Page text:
Can an Americanized Christianity Sustain Itself?
COMMENTARY: Pseudo-Christianity has much in common with hard-left progressivism.
Bruce Jenner, America’s most famous man-turned-woman, regards himself a Christian. Damon Linker, writing at The Week, asks: Who are we to judge?
Linker’s was the latest contribution to a discussion begun by Will Wilkinson in his essay on now-Caitlyn Jenner and American Christianity. Channeling Harold Bloom, Wilkinson suggests that Jenner’s transformation is emblematic of American religion, which forever quests after a kind of authentic inner self.
The drive to be the “real me” is, in the American understanding, more than sheer self-creation. It’s a spark of divinity that can be found within each of us, which both precedes and surpasses any objective laws of “nature,” such as Aristotle or St. Thomas Aquinas might champion. American spirituality is marked by a thoroughgoing optimism about the individual’s ability to access God directly, without the mediation of churches or patriarchs or perhaps even a Bible. As Wilkinson puts it, “You can just feel Jesus.”
This way of understanding the American sense of self and spirituality adds an interesting element to the standard analysis of the present culture wars, wherein traditional religion is pitted against an aggressive, bullying secularism. By Wilkinson’s interpretation, Jenner and his apologists may actually be the standard-bearers for authentic American religion, while religious conservatives defend an increasingly defunct and indeed un-American alternative.
Christianity isn’t being vanquished so much as Americanized — and Catholics (together with some of the more orthodox Protestants and Eastern Orthodox) should worry less about the secular left and more about the “further evolved” offshoots of their own faith.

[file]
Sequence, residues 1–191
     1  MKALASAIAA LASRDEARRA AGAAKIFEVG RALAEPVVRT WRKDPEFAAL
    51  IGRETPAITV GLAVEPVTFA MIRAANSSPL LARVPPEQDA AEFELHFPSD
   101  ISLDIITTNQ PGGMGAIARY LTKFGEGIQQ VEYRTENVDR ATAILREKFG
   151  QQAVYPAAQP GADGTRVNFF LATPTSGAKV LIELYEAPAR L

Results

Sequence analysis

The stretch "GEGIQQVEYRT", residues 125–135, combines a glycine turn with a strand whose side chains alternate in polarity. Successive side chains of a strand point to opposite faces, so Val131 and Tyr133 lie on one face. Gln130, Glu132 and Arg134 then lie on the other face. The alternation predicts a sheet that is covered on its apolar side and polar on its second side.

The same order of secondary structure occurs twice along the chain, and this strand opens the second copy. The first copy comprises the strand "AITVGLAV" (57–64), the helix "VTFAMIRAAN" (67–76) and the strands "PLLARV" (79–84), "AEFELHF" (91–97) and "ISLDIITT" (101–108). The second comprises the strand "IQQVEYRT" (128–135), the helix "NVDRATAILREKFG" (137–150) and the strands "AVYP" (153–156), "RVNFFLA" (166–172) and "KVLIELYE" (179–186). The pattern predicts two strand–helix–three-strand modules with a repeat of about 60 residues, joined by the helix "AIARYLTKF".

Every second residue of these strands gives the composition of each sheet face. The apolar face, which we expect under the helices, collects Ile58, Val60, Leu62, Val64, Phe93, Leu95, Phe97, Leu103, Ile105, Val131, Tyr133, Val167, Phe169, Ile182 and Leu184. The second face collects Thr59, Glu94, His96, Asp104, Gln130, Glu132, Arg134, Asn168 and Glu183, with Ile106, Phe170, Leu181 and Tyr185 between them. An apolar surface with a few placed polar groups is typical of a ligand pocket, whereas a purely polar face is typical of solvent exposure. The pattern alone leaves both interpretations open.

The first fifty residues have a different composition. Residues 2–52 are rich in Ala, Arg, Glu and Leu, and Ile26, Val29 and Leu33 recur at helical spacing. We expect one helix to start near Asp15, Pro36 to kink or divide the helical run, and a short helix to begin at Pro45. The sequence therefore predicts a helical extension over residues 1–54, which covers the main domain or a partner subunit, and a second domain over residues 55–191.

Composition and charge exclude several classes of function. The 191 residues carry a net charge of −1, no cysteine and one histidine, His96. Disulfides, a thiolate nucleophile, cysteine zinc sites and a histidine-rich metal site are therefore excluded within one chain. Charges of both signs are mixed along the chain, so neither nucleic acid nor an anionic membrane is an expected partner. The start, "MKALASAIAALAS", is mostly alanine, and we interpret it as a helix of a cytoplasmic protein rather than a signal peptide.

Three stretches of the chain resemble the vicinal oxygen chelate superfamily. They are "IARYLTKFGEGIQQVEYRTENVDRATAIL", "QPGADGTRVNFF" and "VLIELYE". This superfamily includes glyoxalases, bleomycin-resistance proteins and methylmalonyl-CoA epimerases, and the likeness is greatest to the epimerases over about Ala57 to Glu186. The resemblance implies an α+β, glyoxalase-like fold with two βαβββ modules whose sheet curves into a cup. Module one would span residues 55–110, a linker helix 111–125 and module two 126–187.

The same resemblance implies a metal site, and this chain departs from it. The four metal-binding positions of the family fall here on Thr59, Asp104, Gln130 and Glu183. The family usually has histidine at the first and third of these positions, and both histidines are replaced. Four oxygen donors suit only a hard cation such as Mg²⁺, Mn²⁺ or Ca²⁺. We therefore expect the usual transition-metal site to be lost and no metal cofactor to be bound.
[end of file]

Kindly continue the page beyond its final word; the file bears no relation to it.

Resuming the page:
There are some defects in Wilkinson’s essay. As Ross Douthat points out, he may be overconfident about the inevitability of Christianity’s further Americanization. Mainline Christianity has been declared to be on its deathbed on multiple occasions but has proven quite resilient over the long term. Further, Wilkinson fails to draw appropriate connections between the soft spirituality of personal discovery and the hard secularism professed by much of America’s cultural elite. They’re more compatible than he seems to realize, in large part because “God within” spirituality is so metaphysically undemanding that it can be grafted onto an enormous range of philosophical views without obvious contradiction. (And if it does contradict, what of it? I am large; I contain multitudes.)
At the same time, Wilkinson’s essay makes some compelling points. Secularists wouldn’t have advanced so far so quickly if they hadn’t developed some sort of unholy alliance with branches of American religious life, making the overthrow of traditional norms palatable to the less-committed middle — which might range from “not religious but spiritual” types to “I was raised Catholic, but I’m not that kind.” In this sense, progressive incursions into mainstream culture do have a quasi-religious cast to them, which religious conservatives may be inclined to overlook.
From the standpoint of an orthodox Christian, this is a helpful insight into the nature of the threat. Yet others, like Linker, are basically content to embrace our freewheeling, ever-evolving American Christianity. They argue Christ’s message itself — “among the most radically subversive ever uttered” — paved the way to a radically egalitarian and anti-authoritarian religion, which has adapted itself to a dizzying array of cultures and political orders precisely because it finds its core in something more personal than structural.
Judaism and Islam are built around a complex set of divinely given laws which believers must somehow incorporate into their society and culture. Christianity, by contrast, is “explicitly founded in a declaration of independence from Judaic law,” and all that matters for the Christian is “loving God and one’s neighbor and maintaining a pure heart before the eyes of God.” Linker goes on to imply that the Church betrayed the spirit of Christ’s message by modeling itself “on a form of imperial Roman legalism with no warrant at all in the text of Gospels.”
The upshot, naturally, is that we should feel free to embrace, in the spirit of authentic Christian egalitarianism, an Americanized version of Christianity that has room for tinkering with family structures (Linker has long been a vocal proponent of same-sex “marriage”) and for gender-bending Bruce/Caitlyn Jenners.